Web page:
We are calling for a comprehensive decolonization of tourism and all tourism related processes, including institutional frameworks and dialogues on policy and practice. We are guided by the principles of self-determination and care for our fellow humanity. Tourism narratives must put disadvantaged peoples and communities, including today's generation of children, at the centre. It is crucial to discern local forms of tourism which are a political force for good from globalized tourism models that ultimately hurt people(s) and place(s).

We have a shared responsibility to evaluate tourism alternatives across multiple scales, with both an ethic of justice and an ethic of care - understanding the present global challenges through local struggles. Therefore, we emphasize the need to critically reexamine the political and economic structural barriers to genuine sustainable tourism, within both local and global frameworks for governance (for example, in the institutions and processes responsible for policy development).

Our work must assure non-exploitative relationships in tourism. This includes fighting the destructive forces of capitalism, racism, and other forms of discrimination and oppression. This is the basis for our solidarity. It entails caring for both the biosphere that we share and all peoples and living beings residing within it.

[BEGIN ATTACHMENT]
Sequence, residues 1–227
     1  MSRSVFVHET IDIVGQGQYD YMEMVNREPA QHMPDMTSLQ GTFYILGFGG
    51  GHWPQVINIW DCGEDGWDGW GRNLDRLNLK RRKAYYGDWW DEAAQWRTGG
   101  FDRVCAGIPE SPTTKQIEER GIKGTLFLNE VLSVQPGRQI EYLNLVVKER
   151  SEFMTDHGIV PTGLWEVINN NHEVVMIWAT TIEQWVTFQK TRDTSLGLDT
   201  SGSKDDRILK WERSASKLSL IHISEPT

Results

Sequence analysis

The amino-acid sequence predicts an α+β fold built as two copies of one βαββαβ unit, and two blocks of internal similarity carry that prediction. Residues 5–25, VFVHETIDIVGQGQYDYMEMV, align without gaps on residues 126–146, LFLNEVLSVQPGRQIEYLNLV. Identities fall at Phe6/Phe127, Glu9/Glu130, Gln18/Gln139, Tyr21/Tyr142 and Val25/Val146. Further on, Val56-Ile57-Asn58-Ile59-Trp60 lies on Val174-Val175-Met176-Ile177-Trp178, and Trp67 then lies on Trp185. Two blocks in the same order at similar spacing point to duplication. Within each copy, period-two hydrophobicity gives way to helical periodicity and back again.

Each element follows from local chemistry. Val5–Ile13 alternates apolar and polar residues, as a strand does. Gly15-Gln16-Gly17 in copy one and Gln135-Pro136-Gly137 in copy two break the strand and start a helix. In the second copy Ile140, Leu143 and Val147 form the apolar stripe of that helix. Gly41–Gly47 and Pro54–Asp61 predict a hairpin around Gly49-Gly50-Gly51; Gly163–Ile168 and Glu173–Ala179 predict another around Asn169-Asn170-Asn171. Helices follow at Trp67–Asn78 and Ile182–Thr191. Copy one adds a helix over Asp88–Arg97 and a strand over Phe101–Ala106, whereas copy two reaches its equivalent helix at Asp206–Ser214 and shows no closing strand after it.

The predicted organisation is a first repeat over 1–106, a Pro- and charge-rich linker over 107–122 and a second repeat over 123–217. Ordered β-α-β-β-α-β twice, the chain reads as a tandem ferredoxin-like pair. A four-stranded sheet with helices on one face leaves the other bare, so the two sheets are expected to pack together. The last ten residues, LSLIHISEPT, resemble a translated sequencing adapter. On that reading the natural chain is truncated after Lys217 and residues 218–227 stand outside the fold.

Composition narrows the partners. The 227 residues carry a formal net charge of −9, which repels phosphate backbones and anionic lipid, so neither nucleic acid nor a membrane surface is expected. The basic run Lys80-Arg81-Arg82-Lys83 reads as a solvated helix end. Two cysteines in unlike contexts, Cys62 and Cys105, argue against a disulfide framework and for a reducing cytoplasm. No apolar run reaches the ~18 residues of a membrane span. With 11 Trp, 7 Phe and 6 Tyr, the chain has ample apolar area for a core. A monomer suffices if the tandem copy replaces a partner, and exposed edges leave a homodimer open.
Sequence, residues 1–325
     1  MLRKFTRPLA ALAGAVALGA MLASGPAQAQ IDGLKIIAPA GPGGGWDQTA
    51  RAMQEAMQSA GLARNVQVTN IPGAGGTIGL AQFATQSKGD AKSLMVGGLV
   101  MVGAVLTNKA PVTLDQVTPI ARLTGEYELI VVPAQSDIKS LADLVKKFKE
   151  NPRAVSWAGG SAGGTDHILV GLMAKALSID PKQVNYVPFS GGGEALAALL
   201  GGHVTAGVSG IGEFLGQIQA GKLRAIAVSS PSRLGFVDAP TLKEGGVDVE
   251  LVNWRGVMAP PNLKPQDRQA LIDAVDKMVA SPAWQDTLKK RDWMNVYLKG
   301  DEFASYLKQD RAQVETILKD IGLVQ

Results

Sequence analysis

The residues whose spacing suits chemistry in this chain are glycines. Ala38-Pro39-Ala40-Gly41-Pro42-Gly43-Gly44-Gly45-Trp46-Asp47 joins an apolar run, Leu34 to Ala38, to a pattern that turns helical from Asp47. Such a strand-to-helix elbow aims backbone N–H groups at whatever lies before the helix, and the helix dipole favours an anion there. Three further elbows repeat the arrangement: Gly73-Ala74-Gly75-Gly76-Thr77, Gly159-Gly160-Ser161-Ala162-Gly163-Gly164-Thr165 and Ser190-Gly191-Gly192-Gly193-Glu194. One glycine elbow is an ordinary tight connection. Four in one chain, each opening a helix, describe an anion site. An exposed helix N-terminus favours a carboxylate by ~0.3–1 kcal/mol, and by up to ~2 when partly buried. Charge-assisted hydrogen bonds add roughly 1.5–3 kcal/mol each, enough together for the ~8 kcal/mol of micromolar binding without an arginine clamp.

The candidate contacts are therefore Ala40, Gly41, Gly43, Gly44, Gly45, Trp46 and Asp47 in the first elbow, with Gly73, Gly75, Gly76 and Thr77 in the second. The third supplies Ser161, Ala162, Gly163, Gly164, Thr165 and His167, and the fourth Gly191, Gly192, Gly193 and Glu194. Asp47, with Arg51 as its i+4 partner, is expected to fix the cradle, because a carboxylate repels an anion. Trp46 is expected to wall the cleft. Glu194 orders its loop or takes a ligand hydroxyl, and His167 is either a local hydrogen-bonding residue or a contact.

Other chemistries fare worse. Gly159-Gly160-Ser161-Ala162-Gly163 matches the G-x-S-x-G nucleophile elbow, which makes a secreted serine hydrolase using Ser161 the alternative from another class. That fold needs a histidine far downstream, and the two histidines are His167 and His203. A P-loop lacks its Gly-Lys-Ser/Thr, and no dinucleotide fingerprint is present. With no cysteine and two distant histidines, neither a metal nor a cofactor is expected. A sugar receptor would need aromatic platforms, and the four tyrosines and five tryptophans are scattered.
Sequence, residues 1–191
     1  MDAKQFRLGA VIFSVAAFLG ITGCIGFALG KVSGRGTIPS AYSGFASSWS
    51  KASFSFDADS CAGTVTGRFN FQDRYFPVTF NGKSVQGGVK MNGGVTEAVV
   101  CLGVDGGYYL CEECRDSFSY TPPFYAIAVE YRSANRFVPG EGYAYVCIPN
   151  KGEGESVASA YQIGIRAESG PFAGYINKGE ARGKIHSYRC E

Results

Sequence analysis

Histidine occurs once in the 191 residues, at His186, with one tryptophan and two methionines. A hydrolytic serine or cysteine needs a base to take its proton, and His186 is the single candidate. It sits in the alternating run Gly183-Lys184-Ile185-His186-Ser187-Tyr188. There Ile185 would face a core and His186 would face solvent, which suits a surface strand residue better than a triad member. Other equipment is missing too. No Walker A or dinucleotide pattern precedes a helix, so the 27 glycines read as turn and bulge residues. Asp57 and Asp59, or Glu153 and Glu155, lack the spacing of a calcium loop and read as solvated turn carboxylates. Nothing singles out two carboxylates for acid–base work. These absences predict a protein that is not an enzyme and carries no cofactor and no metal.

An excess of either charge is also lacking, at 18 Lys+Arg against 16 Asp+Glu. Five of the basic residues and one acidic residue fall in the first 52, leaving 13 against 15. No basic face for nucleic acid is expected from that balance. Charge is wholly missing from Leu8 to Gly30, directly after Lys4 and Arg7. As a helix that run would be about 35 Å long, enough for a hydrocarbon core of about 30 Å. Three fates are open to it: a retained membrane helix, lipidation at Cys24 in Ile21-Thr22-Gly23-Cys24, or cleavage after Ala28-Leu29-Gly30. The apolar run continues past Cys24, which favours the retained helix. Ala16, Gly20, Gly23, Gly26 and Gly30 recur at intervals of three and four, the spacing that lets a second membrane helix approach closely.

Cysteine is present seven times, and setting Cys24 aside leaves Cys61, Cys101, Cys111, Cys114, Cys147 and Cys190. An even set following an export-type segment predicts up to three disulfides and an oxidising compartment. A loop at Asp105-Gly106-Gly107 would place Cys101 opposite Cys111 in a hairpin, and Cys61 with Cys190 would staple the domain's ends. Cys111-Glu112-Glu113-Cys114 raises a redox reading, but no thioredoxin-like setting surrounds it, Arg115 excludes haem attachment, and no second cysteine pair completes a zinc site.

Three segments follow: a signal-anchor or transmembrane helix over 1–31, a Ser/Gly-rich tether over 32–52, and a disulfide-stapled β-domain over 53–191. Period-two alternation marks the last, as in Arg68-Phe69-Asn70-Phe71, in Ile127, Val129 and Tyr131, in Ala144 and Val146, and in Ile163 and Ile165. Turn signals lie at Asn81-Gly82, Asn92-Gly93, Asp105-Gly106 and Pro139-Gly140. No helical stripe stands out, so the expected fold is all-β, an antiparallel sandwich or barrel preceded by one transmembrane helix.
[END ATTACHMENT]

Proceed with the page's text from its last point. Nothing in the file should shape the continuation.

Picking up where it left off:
We commit to principles for action grounded in social justice, including support for peoples' and communities' rights to say no to tourism. We especially note the historic significance of inter-generational rights today, in light of the biosphere crisis, current rates of culture loss, and the erosion of Indigenous knowledge systems globally.

The misguided development models of the global tourism industry must be corrected. One vital component of this is the degrowth of tourism. Further accumulation of tourism debt (that is, social, cultural, and environmental damage) is not an option. Humanity sits at a juncture where we must reject practices that are inherently unsustainable.